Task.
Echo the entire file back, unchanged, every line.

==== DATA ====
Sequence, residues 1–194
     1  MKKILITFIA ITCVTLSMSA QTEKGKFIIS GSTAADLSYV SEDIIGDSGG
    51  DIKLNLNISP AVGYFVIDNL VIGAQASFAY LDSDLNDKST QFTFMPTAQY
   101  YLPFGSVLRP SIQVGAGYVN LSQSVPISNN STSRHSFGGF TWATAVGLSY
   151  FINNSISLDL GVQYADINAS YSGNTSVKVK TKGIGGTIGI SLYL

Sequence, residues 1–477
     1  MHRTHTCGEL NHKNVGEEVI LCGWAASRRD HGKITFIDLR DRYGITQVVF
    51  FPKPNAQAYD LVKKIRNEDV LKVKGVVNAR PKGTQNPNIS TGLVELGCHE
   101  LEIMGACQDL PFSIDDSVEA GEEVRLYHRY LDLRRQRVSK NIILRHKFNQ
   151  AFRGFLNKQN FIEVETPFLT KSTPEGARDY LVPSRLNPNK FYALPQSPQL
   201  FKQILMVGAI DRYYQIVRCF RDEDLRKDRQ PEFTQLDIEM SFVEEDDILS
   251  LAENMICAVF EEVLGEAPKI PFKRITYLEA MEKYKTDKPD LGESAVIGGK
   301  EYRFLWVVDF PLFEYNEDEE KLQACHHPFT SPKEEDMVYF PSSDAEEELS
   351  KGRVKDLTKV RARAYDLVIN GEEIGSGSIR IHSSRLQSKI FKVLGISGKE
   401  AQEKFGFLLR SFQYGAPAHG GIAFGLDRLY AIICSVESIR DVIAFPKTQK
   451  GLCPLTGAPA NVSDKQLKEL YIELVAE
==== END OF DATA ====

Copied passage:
Sequence, residues 1–194
     1  MKKILITFIA ITCVTLSMSA QTEKGKFIIS GSTAADLSYV SEDIIGDSGG
    51  DIKLNLNISP AVGYFVIDNL VIGAQASFAY LDSDLNDKST QFTFMPTAQY
   101  YLPFGSVLRP SIQVGAGYVN LSQSVPISNN STSRHSFGGF TWATAVGLSY
   151  FINNSISLDL GVQYADINAS YSGNTSVKVK TKGIGGTIGI SLYL

Sequence, residues 1–477
     1  MHRTHTCGEL NHKNVGEEVI LCGWAASRRD HGKITFIDLR DRYGITQVVF
    51  FPKPNAQAYD LVKKIRNEDV LKVKGVVNAR PKGTQNPNIS TGLVELGCHE
   101  LEIMGACQDL PFSIDDSVEA GEEVRLYHRY LDLRRQRVSK NIILRHKFNQ
   151  AFRGFLNKQN FIEVETPFLT KSTPEGARDY LVPSRLNPNK FYALPQSPQL
   201  FKQILMVGAI DRYYQIVRCF RDEDLRKDRQ PEFTQLDIEM SFVEEDDILS
   251  LAENMICAVF EEVLGEAPKI PFKRITYLEA MEKYKTDKPD LGESAVIGGK
   301  EYRFLWVVDF PLFEYNEDEE KLQACHHPFT SPKEEDMVYF PSSDAEEELS
   351  KGRVKDLTKV RARAYDLVIN GEEIGSGSIR IHSSRLQSKI FKVLGISGKE
   401  AQEKFGFLLR SFQYGAPAHG GIAFGLDRLY AIICSVESIR DVIAFPKTQK
   451  GLCPLTGAPA NVSDKQLKEL YIELVAE